Mike Miyaoto of Japan’s Yamazaki distillery set out to prove that water, which generally makes up about 40%-60% of the final spirits, is what gives spirits a sense of place. Mr. Miyamoto experimented by trucking water from the source at Yamazaki to the distillery at Hakushu and vice versa. By distilling each batch in the other’s distillery he found that the “Yamazaki still tasted like Yamazaki,” he said. “It was the water, not the still. We even shipped in water from Scotland and made the whisky here in Japan – the final product tasted like Scotch, not Japanese whisky!”
Though water is apparently a large factor in producing specific attributes of a whiskey, does it really evoke a sense of place? I am yet see someone sniff a dram of whiskey from Speyside and exclaim that they feel like they are drinking a glass of water in Speyside. Though in a hypothetical world one probably could not tell if a whiskey was made with Poland Spring or Evian, they may very well be able to tell that there is a difference. The distinct qualities that are found in a whiskey with water from limestone caves versus red sandstone springs can be nosed by an astute individual. If one can sense a difference between the two, would it be the terroir if no notes of minerality are sensed?
Speaking of minerality, tequila is often a spirit that is referred to as having terroir due to varying soils and elevation between lowlands and highlands. Highlands have red clay soil that forces the roots to work harder to get water, adding minerality and rusticity to the tequila. While a lowland or valley agave grows in fertile brown soil sitting at the base of a dormant volcano, volcanic minerality and herbaceousness can be found in these tequilas.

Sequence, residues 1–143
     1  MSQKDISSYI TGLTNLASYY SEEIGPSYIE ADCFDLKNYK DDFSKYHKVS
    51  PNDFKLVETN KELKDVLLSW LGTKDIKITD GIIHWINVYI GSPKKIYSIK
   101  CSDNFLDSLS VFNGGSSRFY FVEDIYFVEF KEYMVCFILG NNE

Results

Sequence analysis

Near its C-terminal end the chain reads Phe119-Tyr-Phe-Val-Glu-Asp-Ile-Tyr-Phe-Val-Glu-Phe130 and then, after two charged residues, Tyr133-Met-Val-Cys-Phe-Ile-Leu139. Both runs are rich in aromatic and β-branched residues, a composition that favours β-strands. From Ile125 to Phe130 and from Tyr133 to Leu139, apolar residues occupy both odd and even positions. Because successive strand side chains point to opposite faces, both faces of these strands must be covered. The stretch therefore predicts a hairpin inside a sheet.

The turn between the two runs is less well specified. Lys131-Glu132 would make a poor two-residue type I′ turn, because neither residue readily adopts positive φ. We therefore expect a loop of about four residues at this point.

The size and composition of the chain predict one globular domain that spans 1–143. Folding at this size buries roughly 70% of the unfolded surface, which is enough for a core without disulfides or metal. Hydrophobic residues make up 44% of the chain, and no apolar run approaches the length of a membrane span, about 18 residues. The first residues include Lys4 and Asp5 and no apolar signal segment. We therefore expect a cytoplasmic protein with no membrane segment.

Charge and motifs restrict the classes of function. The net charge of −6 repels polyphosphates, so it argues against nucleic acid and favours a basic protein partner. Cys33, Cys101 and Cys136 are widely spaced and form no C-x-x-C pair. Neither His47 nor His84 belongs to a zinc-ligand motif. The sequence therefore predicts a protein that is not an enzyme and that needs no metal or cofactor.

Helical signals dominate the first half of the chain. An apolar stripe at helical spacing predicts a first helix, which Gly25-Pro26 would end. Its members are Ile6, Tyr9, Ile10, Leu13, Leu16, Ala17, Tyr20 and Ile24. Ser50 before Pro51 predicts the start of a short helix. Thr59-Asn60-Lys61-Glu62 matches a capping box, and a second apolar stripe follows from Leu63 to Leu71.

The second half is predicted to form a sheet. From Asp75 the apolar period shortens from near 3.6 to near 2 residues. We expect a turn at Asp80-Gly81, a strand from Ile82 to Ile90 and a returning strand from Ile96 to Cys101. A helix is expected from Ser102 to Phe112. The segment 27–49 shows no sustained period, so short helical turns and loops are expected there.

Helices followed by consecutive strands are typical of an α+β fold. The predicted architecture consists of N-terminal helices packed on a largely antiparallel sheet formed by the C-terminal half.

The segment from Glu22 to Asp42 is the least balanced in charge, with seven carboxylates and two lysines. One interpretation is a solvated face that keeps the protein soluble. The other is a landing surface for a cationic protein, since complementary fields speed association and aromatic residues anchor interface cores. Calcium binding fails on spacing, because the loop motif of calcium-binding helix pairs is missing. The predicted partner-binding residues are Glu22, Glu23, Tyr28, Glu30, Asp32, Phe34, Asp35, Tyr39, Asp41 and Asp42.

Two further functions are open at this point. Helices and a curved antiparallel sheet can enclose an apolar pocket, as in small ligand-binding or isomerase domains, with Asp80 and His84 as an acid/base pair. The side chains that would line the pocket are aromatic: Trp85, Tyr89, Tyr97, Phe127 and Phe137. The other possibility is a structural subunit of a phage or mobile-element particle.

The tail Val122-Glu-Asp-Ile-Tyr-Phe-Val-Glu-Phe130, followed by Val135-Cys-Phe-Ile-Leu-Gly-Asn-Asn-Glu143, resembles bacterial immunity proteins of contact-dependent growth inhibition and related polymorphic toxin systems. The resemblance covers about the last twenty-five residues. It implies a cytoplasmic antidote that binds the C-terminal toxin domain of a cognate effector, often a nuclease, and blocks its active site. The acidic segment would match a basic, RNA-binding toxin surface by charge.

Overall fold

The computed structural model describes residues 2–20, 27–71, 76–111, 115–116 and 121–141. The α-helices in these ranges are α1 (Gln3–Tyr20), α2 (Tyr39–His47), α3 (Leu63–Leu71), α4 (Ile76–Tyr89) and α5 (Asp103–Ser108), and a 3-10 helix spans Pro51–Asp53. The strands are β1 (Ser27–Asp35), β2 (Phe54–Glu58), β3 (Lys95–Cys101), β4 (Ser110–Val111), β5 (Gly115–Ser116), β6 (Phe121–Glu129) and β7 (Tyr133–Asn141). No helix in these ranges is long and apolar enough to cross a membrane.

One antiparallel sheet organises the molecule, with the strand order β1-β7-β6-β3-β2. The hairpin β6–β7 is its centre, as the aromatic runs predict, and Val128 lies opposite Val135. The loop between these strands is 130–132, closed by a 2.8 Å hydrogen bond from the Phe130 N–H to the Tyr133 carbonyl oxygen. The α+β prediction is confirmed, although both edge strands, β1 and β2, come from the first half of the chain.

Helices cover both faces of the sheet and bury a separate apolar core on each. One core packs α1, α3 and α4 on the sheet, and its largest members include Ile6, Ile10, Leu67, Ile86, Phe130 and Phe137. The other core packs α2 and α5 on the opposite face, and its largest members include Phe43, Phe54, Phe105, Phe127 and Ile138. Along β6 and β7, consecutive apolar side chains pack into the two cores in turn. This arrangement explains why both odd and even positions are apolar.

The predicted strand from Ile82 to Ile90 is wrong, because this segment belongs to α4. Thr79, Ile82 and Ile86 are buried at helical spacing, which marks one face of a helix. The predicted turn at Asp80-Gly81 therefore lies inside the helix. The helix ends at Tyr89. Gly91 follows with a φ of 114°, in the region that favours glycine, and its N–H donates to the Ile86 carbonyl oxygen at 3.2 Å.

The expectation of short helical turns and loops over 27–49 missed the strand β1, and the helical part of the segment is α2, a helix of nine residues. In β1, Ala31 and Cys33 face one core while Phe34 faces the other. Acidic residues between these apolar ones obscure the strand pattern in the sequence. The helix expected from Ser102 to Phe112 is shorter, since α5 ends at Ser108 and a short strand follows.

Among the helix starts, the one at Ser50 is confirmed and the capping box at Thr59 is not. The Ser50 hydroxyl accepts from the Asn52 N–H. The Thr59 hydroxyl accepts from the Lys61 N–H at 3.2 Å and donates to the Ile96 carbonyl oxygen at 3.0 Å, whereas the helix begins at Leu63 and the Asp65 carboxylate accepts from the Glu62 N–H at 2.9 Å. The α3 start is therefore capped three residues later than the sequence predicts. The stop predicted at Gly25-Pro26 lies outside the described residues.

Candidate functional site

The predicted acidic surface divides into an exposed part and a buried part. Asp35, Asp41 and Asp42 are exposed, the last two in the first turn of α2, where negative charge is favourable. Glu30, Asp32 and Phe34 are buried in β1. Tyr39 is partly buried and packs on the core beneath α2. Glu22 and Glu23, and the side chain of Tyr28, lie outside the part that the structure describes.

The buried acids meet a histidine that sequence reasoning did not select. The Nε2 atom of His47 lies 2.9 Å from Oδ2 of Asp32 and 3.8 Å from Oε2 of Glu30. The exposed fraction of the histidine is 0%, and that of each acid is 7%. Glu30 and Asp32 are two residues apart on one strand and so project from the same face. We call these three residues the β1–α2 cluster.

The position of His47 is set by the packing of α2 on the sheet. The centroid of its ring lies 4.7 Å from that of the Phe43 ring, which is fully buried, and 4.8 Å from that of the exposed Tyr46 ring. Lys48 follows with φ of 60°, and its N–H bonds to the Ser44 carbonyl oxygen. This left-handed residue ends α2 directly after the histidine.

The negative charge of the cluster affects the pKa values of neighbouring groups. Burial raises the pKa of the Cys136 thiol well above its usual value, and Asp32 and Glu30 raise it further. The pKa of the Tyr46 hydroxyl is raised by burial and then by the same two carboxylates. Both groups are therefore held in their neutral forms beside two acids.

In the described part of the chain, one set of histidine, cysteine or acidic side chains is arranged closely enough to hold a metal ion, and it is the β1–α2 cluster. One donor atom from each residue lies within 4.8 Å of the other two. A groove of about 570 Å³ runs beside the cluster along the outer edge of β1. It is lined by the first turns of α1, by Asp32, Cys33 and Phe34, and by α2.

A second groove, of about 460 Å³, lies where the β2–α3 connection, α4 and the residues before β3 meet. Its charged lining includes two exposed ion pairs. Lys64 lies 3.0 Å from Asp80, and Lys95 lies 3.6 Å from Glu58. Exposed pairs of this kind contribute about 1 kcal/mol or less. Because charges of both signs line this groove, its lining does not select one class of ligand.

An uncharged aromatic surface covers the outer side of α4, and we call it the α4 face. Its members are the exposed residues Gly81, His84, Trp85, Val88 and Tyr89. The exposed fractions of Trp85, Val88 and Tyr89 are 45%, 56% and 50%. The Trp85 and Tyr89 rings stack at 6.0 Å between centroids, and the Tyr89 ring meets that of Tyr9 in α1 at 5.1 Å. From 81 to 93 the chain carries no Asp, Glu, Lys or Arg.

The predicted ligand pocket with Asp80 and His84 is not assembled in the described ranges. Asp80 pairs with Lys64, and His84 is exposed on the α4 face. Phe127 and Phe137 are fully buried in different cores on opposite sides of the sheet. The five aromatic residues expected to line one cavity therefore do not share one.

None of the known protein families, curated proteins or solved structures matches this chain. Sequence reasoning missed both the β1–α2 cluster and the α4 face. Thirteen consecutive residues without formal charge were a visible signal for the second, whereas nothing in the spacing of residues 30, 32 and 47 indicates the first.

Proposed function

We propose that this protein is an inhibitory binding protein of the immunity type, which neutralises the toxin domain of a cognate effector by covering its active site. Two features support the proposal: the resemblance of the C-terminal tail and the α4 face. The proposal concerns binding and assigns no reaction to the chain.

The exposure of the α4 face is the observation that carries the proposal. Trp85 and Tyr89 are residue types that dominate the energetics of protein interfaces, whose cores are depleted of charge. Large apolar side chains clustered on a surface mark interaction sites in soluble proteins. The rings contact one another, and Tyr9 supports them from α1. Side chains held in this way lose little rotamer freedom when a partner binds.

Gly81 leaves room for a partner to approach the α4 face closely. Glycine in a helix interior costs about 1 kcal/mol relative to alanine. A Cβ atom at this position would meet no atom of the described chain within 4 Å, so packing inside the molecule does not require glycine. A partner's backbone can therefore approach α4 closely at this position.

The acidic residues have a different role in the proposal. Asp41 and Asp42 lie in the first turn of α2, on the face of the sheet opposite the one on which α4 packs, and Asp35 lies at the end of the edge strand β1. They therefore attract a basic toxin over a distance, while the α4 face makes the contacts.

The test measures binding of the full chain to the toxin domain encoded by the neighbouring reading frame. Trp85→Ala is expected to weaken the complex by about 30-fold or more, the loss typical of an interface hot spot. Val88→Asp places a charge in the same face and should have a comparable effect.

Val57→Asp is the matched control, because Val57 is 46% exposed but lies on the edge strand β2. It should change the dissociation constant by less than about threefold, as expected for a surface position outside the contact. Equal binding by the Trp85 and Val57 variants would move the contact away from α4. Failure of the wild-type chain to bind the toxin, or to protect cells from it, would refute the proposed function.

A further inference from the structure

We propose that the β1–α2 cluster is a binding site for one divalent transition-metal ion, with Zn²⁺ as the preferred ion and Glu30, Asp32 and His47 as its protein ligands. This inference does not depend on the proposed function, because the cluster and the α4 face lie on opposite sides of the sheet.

While an estate-bottled wine is fairly common to see in a store, it is significantly less common to see an estate-produced spirit, a true land-based spirit where all of the variables are contained within the same place. For example, the main ingredient in a Scotch, barley, is often not sourced from the same place that the spirit is distilled, nor is one variety used. Bruichladdich, on Islay, sources 12 different varieties of barley, about half of which are from Islay, from about 28 different farms. While it might seem impossible to gain a sense of terroir from barley that is sourced from so many different places, Bruichladdich also has a vintage-dated whiskey with barley all coming from the same place. The Bruichladdich Islay Barley 2004 is all sourced from within about a mile of the distillery, it is one type of barley, one farmer, one southeast-facing slope. If any spirit is going be a pure expression of the terroir, it would surely be this one, wouldn’t it? I’ll let you decide.
Going back to the original question at hand – Was the uniqueness in the rum an expression of the terroir of the spirit or not? – I remain undecided. With wine, the defining essence of land speaks through the minerality, i.e. blue slate in German wine or volcanic minerality in Sicilian wines. As discussed, there are more factors that can comprise one’s perception of terroir for a spirit. Perhaps the terroir of the rum I tried is expressed as a menagerie of all of these factors. While a tequila’s terroir may be more heavily expressed through the soil and elevation of the agave, whiskeys are characterized by their water and place of aging. One conclusion I have made is that spirits and wines have one thing in common: not all of them are terroir-driven. There are some spirits that give a sense of place, and others that do not.